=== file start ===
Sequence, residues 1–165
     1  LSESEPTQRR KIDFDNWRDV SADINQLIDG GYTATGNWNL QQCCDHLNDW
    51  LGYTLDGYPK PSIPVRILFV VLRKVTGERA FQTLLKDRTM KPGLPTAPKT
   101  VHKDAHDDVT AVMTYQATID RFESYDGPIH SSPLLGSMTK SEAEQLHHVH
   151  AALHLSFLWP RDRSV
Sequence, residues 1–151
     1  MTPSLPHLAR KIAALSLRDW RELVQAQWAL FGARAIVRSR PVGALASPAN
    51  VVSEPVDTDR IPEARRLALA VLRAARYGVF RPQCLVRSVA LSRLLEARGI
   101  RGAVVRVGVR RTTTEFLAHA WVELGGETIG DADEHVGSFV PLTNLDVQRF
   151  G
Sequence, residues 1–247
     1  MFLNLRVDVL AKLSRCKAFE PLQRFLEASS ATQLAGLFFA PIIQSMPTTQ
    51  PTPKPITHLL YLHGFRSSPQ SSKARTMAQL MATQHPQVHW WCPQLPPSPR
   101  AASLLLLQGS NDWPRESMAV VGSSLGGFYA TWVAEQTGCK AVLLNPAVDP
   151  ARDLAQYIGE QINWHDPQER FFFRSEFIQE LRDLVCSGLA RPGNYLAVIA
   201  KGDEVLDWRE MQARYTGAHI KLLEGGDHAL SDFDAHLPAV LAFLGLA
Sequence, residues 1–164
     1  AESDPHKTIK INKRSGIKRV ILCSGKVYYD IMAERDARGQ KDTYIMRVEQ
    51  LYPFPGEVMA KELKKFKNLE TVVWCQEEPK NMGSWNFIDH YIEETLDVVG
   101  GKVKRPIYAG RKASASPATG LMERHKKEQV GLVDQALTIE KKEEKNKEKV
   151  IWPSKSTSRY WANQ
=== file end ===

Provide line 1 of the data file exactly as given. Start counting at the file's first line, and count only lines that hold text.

Sequence, residues 1–165